Too often, older adults deal with loneliness and social isolation. As people age, physical and mental health can decline and prevent people from socializing the way they once were able to. Health isn’t the only factor contributing to the loneliness of older adults. Other factors such as lack of transportation, loss of mobility, and distance from family members also cause seniors to become more withdrawn.
Feelings of loneliness contribute to a significant number of health problems including disrupted sleep, altered immune systems, inflammation, and higher levels of stress. Cognitive decline is accelerated even more in people with diseases like Alzheimer’s and Dementia.
The Journal of the American Medical Association released an article in February of 2007 titled “Loneliness and Risk Of Alzheimer Disease” that stated:
“In a cohort of about 800 elderly persons followed up annually for up to 4 years, lonely individuals were more than twice as likely to develop an AD-like dementia syndrome than were those who were not lonely, even after controlling for level of social isolation.”
It is clear that loneliness and social isolation profoundly impact the well-being of senior citizens. A 2013 study in the Proceedings of the National Academy of Sciences even found that social isolation and loneliness increase risk of mortality.
What Can We Do?
Many community members and organizations are working toward reducing social isolation in their neighborhoods. Even large cities are starting initiatives to help improve the quality of life for senior citizens. For example:
- Senior centers offer support and resources to senior citizens. They also offer classes, support groups, and meals. These centers give seniors safe places to interact with other people, find leisure and exercise, and help if needed.
- Some cities incorporate volunteer transportation services and public transportation assistance to help people who have lost mobility get around.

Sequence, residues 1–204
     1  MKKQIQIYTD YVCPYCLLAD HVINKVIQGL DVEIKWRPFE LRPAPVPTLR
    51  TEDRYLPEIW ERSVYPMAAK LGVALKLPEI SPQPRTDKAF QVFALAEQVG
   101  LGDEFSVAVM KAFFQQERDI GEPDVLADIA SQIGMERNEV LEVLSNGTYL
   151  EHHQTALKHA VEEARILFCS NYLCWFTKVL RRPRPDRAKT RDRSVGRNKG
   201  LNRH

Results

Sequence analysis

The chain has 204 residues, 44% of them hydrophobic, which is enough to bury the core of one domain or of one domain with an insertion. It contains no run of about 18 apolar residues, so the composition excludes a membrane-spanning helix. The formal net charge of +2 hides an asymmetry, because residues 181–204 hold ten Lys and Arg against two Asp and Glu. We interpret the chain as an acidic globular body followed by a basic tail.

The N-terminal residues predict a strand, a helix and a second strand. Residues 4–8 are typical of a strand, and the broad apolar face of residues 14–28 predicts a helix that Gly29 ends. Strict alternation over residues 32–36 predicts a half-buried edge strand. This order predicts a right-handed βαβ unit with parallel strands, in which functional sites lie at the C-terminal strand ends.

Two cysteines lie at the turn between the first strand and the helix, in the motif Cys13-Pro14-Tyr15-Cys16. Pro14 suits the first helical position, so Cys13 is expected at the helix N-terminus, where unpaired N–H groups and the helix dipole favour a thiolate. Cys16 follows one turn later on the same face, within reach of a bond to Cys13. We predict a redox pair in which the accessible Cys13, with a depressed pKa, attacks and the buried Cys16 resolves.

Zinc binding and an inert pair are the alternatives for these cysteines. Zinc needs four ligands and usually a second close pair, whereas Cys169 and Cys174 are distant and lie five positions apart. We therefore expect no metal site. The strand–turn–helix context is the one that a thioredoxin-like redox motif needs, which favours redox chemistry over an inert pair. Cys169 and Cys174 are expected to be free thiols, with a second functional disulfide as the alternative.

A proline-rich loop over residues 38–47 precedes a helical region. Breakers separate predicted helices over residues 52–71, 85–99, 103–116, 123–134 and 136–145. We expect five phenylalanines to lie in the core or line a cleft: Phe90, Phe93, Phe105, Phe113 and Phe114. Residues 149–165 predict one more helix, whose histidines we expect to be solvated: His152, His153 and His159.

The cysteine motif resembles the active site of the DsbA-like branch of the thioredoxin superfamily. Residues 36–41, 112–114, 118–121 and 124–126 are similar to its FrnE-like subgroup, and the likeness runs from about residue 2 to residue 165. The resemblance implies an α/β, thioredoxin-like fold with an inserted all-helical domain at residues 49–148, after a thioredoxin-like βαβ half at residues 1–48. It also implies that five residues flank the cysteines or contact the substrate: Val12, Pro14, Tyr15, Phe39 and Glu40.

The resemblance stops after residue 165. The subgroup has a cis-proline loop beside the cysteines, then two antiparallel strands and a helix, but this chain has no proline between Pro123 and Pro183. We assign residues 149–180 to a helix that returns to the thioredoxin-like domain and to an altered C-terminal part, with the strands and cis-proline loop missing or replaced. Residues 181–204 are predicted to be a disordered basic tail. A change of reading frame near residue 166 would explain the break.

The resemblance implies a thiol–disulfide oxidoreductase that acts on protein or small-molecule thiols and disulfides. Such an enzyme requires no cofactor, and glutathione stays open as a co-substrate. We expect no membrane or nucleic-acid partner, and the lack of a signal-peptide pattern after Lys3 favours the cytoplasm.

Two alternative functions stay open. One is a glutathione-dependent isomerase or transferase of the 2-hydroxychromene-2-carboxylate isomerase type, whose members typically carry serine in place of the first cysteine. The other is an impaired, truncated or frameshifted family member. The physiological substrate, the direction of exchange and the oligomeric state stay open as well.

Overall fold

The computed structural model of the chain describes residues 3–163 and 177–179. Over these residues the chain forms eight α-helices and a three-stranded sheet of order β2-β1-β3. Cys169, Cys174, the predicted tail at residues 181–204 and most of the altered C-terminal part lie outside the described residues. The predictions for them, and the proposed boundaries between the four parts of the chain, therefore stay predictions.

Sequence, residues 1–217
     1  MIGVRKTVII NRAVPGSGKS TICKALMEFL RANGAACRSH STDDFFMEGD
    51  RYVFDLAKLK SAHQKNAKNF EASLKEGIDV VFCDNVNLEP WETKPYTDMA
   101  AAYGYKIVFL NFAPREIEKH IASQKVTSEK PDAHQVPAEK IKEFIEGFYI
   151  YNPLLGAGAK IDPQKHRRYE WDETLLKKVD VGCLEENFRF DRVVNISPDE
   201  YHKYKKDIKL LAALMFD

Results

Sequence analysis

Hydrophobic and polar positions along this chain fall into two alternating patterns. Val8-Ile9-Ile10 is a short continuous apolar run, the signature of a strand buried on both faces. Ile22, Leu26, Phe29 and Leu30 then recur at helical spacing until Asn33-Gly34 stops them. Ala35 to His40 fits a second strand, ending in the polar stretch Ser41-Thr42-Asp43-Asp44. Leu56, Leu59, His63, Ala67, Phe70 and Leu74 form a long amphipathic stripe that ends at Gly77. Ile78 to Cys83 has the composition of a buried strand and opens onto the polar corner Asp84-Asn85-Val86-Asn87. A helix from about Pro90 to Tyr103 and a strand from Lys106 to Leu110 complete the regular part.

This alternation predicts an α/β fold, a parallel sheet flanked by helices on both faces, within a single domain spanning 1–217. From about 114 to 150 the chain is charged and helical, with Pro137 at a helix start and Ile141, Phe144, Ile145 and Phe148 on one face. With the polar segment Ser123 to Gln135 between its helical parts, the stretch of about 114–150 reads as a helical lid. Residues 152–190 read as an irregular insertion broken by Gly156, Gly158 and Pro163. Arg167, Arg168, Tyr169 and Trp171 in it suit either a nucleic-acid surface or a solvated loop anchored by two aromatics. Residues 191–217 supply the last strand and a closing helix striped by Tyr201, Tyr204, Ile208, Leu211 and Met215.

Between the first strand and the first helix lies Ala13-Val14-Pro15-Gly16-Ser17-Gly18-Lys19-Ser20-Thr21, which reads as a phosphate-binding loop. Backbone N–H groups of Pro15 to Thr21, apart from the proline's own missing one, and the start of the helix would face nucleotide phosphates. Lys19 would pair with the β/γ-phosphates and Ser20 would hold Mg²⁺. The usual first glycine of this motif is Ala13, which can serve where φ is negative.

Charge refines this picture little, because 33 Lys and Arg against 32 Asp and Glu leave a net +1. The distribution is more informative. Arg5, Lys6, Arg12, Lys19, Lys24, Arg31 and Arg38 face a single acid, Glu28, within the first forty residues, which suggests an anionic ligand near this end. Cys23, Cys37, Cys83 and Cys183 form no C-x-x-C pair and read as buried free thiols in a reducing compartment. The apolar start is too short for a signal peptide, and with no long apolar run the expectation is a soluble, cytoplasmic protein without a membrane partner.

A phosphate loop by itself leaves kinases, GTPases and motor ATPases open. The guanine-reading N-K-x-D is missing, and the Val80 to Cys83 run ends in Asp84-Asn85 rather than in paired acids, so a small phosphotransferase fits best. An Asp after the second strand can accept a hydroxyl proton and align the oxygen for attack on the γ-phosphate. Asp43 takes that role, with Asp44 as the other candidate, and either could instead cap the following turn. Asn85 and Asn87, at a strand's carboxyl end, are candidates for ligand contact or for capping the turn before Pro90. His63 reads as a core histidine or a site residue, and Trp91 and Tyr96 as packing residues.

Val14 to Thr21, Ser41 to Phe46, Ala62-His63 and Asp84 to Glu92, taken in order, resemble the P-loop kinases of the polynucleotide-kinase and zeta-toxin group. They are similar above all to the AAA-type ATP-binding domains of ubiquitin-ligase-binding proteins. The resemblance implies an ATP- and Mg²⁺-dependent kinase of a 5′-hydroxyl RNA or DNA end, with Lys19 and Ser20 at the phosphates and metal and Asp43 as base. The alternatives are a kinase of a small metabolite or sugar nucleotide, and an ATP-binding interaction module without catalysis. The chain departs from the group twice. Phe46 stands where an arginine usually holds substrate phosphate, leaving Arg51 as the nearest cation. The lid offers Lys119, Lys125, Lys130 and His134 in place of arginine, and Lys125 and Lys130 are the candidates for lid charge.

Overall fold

- Non-profit organizations are popping up, dedicated to helping older adults. The IOA Friendship Line a toll-free crisis hotline that reaches out and offers friendly conversation to seniors that are lonely, depressed, and isolated (800-971-0016).
- ElderFriends and Friend to Friend America are local organizations in Washington that use volunteers to help older adults find friendship and companions.
These are just a few examples of the many services and resources that can help lonely and isolated seniors find a better quality of life. Human connection is essential for all people. Many older citizens have lost meaningful and quality relationships that helped alleviate feelings of loneliness. In the UK, different care homes conducted a nine-month research trial that concluded that just 10 minutes of one-to-one daily chats improved the well-being of people living with dementia. If 10 minutes a day can increase the well-being of seniors, imagine what half an hour might do!
Staying alert and aware in your community and offering conversation and companionship can go a long way. Take some time to reach out to your neighbor or to strike a conversation in the grocery store. Don’t turn away the next older person that says hello. It is up to all of us to help reduce premature death rates due to loneliness…and we can! SYNERGY HomeCare offers a variety of services to keep seniors engaged and provide social interactions.